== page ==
• James R. Martin says

            Thanks Erik.

            Unfortunately, the two major fossil fuel issues (peak oil / … net energy and the climate emergency [not climate change!, emergency]) require extraordinary change quite swiftly, so I’d not advocate for “slow and steady”. But yes, I do think “smaller, local efforts” are the key to success, both in terms of political action and what I’d like to call direct action. Direct action, in this sense and context, would be any group or individual action which directly implements a way of life which is largely free of fossil fuel use and dependency. My favorite example of such an endeavor would be ecovillages — whether or not they are called such. Intentional communities in which people collaborate to enable and enrich a basically post-carbon culture and economy are urgenetly needed everywhere. To my way of thinking, communities of this sort are the dry, fine fuels (per my earlier analogy) laying about under rock overhangs.

            My hope and dream of living in such a community got shelved after a number of failed attempts to begin. But I’m taking the project off the shelf now, and dusting it off — after learning that Arctic sea ice is expected to disappear in summer in a mere four years. Presently, I live in a small casita (in Santa Fe) which is heated with natural gas. It’s a rental, and there is virtually no insulation in the thing (the low rent made it attractive), so my partner and I have to use a little electric space heater in our bedroom to be comfortable. Anyway, I can’t live like this any more! I want to cut my own contribution of greenhouse gasses as close to zero as possible. And that means I need to live in a dwelling which makes use of solar thermal for interior comfort in winter. Neither the city nor the land lord will quietly stand by as a retrofit the casita, so it’s back to looking for land … and trying to figure out how to escape the limitations of county zoning … and all of that.

            My hope is to create with others a small intentional community … off grid, where we self-provision most of our own food, shelter, etc. I’m convinced a very high quality of life is possible beyond the fossil world.

  3. Erik Curren says

    James, good for you for wanting to start an intentional community and do your part to cut greenhouse gases. There’s no more powerful argument for changing our lifestyles than seeing somebody who’s already done it. Best of luck to you! Meantime, in our area, in my role as a city councilman in our city in Virginia, I hope to help our local govt become more friendly on the kind of zoning and regulation issues that you mention.

  4. James R. Martin says

    ” … I hope to help our local govt become more friendly on the kind of zoning and regulation issues that you mention.”

    Thanks for that, Erik! Every local step forward–wherever it may be–in allowing for “alternatives” or exemptions in zoning, land use, and building codes for green purposes is valuable and important. Such successes build momentum and inform the public of the need for much needed changes in this department. Most Americans are unaware of the fact that most current zoning regulations, for example, basically outlaw the “mixed use” type which allows for multiple dwellings on rural and extra-urban lands.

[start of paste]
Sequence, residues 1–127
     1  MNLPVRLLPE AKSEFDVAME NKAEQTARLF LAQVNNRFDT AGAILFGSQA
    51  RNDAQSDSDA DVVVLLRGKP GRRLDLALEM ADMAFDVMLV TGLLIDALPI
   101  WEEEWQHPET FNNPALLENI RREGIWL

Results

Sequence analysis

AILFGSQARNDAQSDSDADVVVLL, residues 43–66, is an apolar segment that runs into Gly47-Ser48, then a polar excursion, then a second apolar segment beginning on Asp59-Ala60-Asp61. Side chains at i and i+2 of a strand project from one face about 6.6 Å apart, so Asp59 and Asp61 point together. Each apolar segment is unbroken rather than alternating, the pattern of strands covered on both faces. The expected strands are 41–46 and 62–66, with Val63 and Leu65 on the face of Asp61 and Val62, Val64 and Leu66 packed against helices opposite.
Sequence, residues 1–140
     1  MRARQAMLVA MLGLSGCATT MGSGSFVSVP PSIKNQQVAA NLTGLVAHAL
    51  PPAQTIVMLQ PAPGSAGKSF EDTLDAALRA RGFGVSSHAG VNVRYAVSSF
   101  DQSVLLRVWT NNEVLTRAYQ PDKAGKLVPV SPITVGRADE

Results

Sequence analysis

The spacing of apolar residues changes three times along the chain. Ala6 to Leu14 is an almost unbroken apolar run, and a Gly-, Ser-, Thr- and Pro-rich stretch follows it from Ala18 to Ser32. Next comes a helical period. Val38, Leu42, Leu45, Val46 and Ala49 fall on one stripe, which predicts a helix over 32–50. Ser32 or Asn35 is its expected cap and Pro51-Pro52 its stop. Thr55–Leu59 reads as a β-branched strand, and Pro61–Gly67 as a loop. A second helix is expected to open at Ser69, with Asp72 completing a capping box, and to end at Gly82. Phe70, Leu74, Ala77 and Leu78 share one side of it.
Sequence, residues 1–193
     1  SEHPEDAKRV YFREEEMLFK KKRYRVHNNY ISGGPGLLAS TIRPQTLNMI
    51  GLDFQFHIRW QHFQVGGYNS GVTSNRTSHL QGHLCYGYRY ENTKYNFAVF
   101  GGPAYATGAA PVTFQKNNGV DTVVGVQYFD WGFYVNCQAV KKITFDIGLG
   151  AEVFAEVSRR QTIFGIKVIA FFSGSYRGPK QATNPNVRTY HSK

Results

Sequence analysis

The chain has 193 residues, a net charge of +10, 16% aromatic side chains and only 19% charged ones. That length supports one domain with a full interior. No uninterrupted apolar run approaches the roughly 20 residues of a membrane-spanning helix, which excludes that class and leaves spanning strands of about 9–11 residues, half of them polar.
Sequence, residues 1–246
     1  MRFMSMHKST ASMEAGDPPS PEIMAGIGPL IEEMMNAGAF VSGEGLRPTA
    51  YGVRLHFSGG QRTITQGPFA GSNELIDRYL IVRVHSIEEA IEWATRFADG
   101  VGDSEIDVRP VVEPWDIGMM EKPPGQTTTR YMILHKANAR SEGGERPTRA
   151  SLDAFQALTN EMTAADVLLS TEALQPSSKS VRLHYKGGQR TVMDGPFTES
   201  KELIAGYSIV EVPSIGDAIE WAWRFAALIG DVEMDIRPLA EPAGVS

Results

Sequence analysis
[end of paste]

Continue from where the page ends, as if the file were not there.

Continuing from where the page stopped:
I often wonder if some of these regs were adopted by most US county govs for the purpose of getting rid of “dirty hippy communes”. Whatever the case may be, very few local governments allow the sort of “alternative” communities which cluster small affordable or owner-built dwellings together on land which may also be used for food production / horticulture. Land is almost ubiquitously zoned either “agricultural” or “residential,” etc., and severely limited in how it may be put to use. This usually results in a very high financial hurdle of the sort that most self-provisioning do-it-yourself-ers can’t leap–if they want to do it themselves with others in an intentional community. (For fun, try Googling the phrase “ecovillage zoning” to learn of a small movement for change here.)

    City gov can improve in this area, too, of course–though I know less about that because all of my research has been geared toward rural, county lands — which tend to be much more financially feasible — if only they’d let us build a few casitas or cabins on a plot!

    The US (and North America, generally) needs a coordinated and well-organized movement to transform municipal, county and state regulations such that alternative, low-impact, green communities can be accessible and affordable.

  5. James R. Martin says

    BTW -

    As it stands, zoning issues are handled on a county-by county basis throughout the country (unless there are exceptions I’m unaware of in some state/s). Funny, isn’t it? Perhaps a mechanism is needed to allow states to transform zoning in a less burdensome piecemeal way?